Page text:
MORAL DILEMMAS: INTERTWINED BEHAVIOURS & WAYS TO NAVIGATE — CHAPTER — 01
Morality is defined as the principles concerning the distinction between right and wrong or good and bad behaviour (Oxford Dictionary). Effective ethics instruction is about more than distributing a list of moral guidelines; it requires educating learners on how to navigate their own moral decision-making. Learners learn to search for and evaluate their assumptions, to excavate the reasons behind those assumptions, to examine without prejudice another’s opinion and to make a thoughtful decision with confidence.
What Is Ethics:
Ethics provides a set of standards for behaviour that helps us decide how we ought to act in a range of situations. In a sense, ethics is all about making choices, and about providing reasons why we should make these choices.
Ethics is sometimes conflated or confused with other ways of making choices, including religion, law or morality. Many religions promote ethical decision-making but do not always address the full range of ethical choices that we face. Religions may also advocate or prohibit certain behaviours which may not be considered the proper domain of ethics. Many people use the terms morality and ethics interchangeably. Others reserve morality for the state of virtue while seeing ethics as a code that enables morality. Another way to think about the relationship between ethics and morality is to see ethics as providing a rational basis for morality, that is, ethics provides good reasons for why something is moral.
Traditional Interpretations Of Ethics:
There are numerous ways to think about right and wrong actions or good and bad character. The field of ethics is traditionally divided into three areas:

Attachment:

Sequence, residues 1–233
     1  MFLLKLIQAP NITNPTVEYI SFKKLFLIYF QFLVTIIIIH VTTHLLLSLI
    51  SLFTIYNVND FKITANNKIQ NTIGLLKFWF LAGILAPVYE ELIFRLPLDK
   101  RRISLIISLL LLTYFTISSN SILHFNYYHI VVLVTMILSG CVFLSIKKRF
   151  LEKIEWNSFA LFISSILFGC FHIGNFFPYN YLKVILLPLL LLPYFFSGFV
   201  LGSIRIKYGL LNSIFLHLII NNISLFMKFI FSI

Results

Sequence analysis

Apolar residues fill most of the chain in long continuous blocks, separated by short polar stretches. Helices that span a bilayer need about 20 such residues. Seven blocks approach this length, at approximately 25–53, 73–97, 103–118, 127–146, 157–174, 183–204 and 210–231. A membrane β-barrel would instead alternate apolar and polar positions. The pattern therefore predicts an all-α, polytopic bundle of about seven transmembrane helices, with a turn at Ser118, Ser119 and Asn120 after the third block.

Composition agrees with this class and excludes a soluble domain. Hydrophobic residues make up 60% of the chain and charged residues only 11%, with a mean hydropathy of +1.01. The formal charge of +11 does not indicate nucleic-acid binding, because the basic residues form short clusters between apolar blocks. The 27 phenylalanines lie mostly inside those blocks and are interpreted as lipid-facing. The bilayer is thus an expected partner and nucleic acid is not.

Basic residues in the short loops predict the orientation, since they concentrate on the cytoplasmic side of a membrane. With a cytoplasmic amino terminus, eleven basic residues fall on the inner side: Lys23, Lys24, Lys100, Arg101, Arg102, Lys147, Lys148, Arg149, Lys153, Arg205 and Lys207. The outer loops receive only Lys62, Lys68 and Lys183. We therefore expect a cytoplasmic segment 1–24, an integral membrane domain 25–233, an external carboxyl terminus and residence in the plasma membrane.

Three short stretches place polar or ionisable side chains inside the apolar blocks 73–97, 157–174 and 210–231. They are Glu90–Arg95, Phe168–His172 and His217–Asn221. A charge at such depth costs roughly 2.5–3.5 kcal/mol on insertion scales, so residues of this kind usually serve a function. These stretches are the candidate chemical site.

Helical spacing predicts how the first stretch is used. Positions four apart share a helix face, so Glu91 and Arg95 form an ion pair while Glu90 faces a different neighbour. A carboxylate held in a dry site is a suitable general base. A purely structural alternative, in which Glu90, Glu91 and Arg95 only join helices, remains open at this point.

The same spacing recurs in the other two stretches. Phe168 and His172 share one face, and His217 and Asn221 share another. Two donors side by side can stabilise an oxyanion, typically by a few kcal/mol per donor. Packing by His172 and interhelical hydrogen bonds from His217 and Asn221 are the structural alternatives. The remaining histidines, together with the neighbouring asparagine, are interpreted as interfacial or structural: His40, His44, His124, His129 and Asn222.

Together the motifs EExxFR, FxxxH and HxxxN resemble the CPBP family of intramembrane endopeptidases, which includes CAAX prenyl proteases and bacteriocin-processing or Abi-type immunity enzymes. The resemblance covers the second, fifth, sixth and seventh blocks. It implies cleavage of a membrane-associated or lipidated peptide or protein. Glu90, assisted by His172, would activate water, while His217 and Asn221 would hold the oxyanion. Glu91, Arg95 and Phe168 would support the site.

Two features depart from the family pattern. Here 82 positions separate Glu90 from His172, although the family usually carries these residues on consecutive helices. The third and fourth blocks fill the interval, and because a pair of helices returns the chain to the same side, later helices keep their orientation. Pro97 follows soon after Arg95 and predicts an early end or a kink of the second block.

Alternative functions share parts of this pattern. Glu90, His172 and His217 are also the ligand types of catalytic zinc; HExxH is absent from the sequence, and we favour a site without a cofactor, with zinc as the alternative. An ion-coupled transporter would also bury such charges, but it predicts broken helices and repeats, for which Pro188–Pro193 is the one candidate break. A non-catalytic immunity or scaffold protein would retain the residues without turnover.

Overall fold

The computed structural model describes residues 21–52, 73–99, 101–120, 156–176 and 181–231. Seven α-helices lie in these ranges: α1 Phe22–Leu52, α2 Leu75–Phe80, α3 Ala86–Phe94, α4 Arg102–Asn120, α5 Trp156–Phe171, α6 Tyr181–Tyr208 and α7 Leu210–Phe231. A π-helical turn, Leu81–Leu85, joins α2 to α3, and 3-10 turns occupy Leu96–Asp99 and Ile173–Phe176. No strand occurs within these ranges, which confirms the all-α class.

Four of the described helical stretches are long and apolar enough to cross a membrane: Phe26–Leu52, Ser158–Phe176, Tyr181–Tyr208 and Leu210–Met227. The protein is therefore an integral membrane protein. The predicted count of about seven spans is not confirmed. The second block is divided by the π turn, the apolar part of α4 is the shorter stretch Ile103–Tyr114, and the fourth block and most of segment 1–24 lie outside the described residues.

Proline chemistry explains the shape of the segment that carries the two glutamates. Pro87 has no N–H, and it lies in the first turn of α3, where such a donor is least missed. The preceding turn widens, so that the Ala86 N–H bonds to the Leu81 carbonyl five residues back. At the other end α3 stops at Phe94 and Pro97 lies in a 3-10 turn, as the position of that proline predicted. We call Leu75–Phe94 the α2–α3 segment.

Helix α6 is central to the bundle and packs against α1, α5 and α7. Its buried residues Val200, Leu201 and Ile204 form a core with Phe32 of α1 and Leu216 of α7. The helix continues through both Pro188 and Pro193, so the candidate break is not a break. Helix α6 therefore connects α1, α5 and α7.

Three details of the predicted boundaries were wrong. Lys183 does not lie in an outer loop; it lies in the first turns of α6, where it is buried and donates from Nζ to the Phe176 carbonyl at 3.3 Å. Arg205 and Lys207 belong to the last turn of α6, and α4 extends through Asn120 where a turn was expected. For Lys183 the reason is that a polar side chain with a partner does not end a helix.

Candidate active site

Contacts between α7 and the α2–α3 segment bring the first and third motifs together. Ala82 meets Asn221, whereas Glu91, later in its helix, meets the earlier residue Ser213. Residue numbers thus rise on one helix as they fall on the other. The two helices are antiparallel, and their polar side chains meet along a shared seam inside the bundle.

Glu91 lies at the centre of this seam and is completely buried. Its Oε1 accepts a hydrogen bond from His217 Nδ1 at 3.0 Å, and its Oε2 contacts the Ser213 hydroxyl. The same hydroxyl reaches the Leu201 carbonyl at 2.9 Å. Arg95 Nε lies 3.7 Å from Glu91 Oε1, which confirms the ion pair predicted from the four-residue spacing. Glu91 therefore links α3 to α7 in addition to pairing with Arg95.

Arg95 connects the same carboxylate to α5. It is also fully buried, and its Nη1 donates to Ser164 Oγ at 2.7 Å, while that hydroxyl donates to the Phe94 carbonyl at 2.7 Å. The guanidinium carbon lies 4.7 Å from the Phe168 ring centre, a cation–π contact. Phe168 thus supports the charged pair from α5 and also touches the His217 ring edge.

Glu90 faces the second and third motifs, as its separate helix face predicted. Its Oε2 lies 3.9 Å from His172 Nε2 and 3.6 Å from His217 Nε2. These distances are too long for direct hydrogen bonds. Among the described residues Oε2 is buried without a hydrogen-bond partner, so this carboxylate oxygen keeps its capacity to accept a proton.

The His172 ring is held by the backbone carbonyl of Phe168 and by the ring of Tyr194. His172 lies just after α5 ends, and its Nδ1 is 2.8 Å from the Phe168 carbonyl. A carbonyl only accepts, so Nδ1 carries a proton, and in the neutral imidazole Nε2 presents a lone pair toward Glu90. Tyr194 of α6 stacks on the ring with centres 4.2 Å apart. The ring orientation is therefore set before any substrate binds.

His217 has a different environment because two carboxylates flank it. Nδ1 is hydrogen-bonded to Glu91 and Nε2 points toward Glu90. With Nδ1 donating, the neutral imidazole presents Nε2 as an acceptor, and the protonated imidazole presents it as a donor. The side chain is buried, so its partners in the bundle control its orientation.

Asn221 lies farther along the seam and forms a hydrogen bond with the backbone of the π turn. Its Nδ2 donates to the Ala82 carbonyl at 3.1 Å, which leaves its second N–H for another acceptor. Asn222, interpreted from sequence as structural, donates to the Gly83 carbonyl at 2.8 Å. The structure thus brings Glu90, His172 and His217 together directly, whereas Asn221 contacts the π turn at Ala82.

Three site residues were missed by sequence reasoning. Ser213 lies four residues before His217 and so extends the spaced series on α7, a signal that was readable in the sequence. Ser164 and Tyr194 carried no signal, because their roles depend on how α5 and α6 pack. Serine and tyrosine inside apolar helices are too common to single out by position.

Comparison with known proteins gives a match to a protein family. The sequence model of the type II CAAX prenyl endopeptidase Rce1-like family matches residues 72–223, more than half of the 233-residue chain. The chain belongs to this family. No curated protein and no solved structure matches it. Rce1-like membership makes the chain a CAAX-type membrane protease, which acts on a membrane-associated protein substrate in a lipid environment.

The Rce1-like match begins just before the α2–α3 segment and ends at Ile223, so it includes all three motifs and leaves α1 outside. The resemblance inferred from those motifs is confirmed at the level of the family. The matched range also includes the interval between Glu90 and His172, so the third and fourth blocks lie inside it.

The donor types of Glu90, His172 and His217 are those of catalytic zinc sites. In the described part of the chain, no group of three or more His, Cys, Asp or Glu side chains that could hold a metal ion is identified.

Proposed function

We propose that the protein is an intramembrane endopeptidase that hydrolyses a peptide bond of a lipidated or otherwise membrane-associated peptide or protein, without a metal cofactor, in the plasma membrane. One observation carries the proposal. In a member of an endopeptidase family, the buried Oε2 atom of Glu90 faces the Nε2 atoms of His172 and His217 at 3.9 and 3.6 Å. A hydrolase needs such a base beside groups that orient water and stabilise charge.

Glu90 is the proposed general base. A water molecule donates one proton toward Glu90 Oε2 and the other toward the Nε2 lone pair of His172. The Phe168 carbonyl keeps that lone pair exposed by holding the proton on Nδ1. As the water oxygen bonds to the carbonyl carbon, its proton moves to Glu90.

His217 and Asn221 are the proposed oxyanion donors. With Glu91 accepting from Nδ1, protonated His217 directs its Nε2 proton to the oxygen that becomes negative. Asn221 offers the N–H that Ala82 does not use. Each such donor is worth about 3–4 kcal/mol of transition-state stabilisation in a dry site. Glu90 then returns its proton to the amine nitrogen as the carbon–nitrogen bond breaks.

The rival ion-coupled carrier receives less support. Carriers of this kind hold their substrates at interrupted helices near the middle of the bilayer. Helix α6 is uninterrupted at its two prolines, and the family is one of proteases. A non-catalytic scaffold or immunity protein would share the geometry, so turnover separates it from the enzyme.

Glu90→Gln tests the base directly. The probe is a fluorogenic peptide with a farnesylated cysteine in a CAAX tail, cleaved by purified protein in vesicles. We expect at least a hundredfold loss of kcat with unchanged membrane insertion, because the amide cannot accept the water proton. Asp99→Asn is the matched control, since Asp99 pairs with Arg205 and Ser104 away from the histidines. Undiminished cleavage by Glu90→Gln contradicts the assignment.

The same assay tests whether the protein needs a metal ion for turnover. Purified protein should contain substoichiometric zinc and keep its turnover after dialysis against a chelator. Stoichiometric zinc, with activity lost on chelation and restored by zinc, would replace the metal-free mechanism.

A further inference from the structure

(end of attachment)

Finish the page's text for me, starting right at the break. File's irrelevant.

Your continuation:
Three Broad Types of Ethical Theory:
Ethical theories are often broadly divided into three types. Each of these three broad categories contains varieties of approaches to ethics, some of which share characteristics across the categories.
The Utilitarian Approach: Utilitarianism is one of the most common approaches to making ethical decisions, especially decisions with consequences that concern large groups of people, in part because it instructs us to weigh the different amounts of good and bad that will be produced by our action. This conforms to our feeling that some good and some bad will necessarily be the result of our action and that the best action will be that which provides the most good or does the least harm, or produces the greatest balance of good over harm.
The Egoistic Approach: One variation of the utilitarian approach is known as ethical egoism, or the ethics of self- interest. In this approach, an individual often uses utilitarian calculation to produce the greatest amount of good for him or herself. The Russian-American philosopher Ayn Rand (1905–1982), who, in the book The Virtue of Selfishness (1964), argues that self-interest is a prerequisite to self-respect and to respect for others.
The Common Good Approach: The French philosopher Jean-Jacques Rousseau (1712–1778) argued that the best society should be guided by the general will of the people which would then produce what is best for the people as a whole. This approach to ethics underscores the networked aspects of society and emphasizes respect and compassion for others, especially those who are more vulnerable.
Non Consequentialist Theories
The Duty-Based Approach: The ethical action is one taken from duty, that is, it is done precisely because it is our obligation to perform the action. Ethical obligations are the same for all rational creatures (they are universal), and knowledge of what these obligations entail is arrived at by discovering rules of behaviour that are not contradicted by reason.